Inna Grade in the library of the Bronx apartment she shared with her husband, Chaim, in December 1974. (Jack Manning/The New York Times/Redux)

Inna Grade, the widow of the Yiddish writer Chaim Grade and a feared enemy of many within in the Yiddish literary world, died May 2. Her age was a matter of some uncertainty, but the rabbi who officiated at her funeral believes that she was 85.

Grade was a highly educated woman who wrote poetry and spoke several languages, but she was mostly known for her intense protectiveness of her husband, his work, and his legacy, which led her into battle with many Yiddish literary figures. Since his death in 1982, she blocked many from publishing or translating the work he left behind—and now that she is gone, speculation over the fate of his literary estate has begun.

Inna Grade’s most public battle began in 1978, when Isaac Bashevis Singer became the first (and only) Yiddish writer to receive the Nobel Prize in Literature. Many of his peers, including, reportedly, Chaim Grade, greeted the news with despair: Singer, who was by far the most successful Yiddish writer in America, was also criticized as presenting a patronizing fairy-tale version of Eastern Europe. What Inna Grade saw as a slight against her more-deserving husband became the central fight of her lifetime. In 2004, the centennial of Singer’s birth, she was interviewed in the New York Times. ”I despise [Singer] especially because he is dragging the Jewish literature, Judaism, American literature, American culture back to the land of Moab,” she told Alana Newhouse, now Tablet Magazine’s editor-in-chief, referring to the biblical region where Lot and his daughters began an incestuous affair. ”I profoundly despise all those who eat the bread into which the blasphemous buffoon has urinated.”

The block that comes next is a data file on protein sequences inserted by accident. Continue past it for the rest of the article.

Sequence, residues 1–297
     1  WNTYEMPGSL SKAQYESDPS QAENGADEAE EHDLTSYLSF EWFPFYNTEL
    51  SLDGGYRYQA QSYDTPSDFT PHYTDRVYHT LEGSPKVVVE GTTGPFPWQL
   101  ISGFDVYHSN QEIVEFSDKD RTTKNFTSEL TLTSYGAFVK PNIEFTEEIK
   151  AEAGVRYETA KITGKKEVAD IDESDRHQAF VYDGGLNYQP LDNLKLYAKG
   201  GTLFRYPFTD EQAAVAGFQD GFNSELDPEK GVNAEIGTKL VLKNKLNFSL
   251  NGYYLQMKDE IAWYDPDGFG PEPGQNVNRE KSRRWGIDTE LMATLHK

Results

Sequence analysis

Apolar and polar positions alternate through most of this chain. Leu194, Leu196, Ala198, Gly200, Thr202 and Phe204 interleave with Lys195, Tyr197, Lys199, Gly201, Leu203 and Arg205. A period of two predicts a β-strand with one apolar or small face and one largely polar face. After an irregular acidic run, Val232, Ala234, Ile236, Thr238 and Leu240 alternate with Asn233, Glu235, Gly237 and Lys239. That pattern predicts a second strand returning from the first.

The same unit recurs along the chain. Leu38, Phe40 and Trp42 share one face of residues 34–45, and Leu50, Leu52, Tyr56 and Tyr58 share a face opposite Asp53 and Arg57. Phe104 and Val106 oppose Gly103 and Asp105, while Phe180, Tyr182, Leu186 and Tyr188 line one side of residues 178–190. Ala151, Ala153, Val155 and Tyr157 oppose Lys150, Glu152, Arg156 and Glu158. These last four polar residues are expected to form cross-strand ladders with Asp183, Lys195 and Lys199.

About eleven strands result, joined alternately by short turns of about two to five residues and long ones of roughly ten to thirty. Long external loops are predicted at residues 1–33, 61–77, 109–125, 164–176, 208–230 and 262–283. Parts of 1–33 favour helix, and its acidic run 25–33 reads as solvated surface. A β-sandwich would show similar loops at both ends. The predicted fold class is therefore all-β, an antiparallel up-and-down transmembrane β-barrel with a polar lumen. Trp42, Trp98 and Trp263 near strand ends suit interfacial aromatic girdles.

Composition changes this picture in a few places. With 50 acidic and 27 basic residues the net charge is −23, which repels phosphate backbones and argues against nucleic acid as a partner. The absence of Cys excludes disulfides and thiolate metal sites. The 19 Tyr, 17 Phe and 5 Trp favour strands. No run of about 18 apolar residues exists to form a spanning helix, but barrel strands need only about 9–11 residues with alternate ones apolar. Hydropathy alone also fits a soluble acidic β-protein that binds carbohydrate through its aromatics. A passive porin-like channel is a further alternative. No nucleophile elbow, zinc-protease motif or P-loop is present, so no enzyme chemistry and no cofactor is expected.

But Singer was only the first on Grade’s list of enemies, which was long even by the standards of the often-acrimonious Yiddish world. “She really had hatred for the entire Yiddish establishment,” said Allan Nadler, a professor of religion at Drew University who studied with Chaim Grade as a graduate student at Harvard. And in turn, he said, “she was hated in the Yiddish literary establishment.” According to Nadler, Inna Grade first alienated her husband’s friends and students during his lifetime and continued to stand between the writer and his admirers after his death. “She would not let anyone near his literary bequest,” Nadler said. “The more you loved him, the more impossible she became.”